Proteins that were upregulated by both eff RNAi and aging (the largest class, 514 proteins) were enriched for regulators of glutathione metabolism, chaperones, proteasome components, and vesicle transport (Fig. 6B) and included Arc1 and Arc2. Commonly downregulated proteins (186 proteins) included components of mitochondrial ribosomes and late endosomes, SNARE proteins, and proteases/peptidases (Fig. 6C). The discordantly regulated proteins were enriched for oxidoreductases, mitochondrial and endoplasmic reticulum components, and secreted proteins (106 proteins that are upregulated by aging but downregulated by eff RNAi; Fig. 6A), and regulators of cytoplasmic translation and mRNA splicing (196 proteins that are downregulated by aging but upregulated by eff RNAi; Fig. 6D). Altogether, these analyses indicate that UBE2D/effRNAi causes proteomic changes that largely recapitulate those induced by aging, indicating that UBE2D/eff is necessary to maintain a youthful proteome.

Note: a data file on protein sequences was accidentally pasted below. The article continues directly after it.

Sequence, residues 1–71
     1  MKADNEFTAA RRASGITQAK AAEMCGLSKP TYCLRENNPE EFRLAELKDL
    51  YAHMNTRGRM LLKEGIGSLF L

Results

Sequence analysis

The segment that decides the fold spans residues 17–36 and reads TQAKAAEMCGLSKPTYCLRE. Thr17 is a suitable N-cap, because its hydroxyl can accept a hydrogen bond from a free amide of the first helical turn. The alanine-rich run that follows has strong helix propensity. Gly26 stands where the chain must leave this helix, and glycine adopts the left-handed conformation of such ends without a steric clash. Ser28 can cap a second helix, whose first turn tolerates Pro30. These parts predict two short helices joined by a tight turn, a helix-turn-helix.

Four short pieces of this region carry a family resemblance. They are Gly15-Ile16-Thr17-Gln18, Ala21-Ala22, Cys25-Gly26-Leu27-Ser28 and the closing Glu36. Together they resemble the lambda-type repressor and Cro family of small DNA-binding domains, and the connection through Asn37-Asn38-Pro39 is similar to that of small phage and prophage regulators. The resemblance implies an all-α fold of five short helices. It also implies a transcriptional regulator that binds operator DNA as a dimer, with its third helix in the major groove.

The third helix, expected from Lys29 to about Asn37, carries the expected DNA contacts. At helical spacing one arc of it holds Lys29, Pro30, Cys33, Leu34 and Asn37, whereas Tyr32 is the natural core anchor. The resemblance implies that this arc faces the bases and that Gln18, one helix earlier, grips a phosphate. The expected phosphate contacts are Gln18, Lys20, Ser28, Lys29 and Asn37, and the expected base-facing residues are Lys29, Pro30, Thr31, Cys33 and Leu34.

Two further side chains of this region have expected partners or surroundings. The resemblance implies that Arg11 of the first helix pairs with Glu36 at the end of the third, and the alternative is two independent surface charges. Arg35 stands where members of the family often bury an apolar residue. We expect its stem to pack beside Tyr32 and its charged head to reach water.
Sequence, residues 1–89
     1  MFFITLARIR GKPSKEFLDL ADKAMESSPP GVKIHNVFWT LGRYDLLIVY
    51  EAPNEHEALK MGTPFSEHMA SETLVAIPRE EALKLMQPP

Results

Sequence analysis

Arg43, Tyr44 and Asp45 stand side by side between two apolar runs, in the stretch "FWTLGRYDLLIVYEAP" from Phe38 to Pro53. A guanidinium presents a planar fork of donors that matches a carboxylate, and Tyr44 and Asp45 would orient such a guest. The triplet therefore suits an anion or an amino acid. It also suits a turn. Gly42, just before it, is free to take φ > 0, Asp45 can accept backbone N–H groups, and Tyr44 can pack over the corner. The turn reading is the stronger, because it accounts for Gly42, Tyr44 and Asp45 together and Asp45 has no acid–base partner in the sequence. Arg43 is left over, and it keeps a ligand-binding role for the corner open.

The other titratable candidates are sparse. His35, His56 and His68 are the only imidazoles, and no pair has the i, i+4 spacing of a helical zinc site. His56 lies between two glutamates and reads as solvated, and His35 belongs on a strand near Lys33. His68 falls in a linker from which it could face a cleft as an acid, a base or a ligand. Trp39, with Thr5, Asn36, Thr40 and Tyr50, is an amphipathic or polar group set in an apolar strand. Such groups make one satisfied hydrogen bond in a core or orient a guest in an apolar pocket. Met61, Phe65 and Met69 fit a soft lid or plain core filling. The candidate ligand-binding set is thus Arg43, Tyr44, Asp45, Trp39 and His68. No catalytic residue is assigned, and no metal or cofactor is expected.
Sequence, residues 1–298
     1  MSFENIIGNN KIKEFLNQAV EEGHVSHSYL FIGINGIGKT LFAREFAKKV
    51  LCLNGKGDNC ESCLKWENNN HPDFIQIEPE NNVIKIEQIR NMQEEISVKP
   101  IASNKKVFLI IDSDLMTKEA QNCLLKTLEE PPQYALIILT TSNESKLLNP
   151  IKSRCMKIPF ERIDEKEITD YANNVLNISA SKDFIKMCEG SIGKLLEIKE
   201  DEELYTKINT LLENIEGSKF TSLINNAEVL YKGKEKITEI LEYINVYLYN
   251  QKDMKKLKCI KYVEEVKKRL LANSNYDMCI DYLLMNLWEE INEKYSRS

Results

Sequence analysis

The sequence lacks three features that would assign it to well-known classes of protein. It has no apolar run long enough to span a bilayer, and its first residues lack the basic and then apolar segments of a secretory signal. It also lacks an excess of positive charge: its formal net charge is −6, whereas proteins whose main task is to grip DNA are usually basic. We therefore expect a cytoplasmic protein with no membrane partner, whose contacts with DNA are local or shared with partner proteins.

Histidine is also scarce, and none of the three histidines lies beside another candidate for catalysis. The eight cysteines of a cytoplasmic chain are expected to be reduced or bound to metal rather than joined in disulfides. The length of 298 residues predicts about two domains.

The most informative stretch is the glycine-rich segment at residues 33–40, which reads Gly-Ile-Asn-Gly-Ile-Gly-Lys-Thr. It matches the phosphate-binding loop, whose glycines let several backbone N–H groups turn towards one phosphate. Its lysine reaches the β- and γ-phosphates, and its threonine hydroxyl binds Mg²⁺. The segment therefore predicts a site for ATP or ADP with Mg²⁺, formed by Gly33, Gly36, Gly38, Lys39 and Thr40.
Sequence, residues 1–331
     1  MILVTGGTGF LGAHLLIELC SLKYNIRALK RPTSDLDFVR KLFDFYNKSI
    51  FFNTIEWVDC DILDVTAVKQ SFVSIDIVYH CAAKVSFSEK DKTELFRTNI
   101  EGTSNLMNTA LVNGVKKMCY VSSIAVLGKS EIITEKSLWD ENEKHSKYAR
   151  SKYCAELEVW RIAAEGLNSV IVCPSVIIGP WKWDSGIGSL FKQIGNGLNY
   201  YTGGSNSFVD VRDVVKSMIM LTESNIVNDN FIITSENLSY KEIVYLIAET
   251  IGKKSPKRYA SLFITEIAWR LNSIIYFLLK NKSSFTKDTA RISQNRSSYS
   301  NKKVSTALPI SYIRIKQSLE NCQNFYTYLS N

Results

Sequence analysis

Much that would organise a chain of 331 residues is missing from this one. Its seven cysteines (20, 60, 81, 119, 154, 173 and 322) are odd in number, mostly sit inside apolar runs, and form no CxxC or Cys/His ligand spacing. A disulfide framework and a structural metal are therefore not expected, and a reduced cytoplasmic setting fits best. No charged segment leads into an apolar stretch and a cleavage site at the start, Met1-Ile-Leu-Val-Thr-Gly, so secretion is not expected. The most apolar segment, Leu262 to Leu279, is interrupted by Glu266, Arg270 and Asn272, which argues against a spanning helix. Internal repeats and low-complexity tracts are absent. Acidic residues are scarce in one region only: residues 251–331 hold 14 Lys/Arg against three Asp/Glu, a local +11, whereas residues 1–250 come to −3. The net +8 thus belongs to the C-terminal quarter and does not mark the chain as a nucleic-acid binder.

In this study, we have examined the role of the 21 Drosophila E2 ubiquitin-conjugating enzymes in modulating aggregates of polyglutamine proteins. By analyzing pathogenic huntingtin in the Drosophila retina, we found that E2s have diverse functions in modulating Htt-polyQ-GFP. Specifically, the knockdown of many E2s reduces polyglutamine protein aggregates (Fig. 1), suggesting that ubiquitination by these E2s promotes sequestration of pathogenic huntingtin into aggresomes, as found in C. elegans (38). Aggregation of Htt has been previously found to decrease its toxicity (66, 67), and therefore E2s that drive Htt aggregation may protect from polyglutamine disease via this mechanism. However, there were also RNAi interventions for other E2s, such as eff/UBE2D, and associated enzymes (DUBs and E3s) that increased the levels of high-molecular-weight assemblies of Htt-polyQ-GFP (Fig. 1-2), suggesting that these E2s and interacting partners are necessary for Htt-polyQ-GFP degradation. Likewise, eff/UBE2D knockdown compromises protein quality control also in Drosophila skeletal muscle (Fig. 3-4), as indicated by the accumulation of poly-ubiquitinated proteins, and this is in part re-established via overexpression of one of its human homologs, UBE2D2.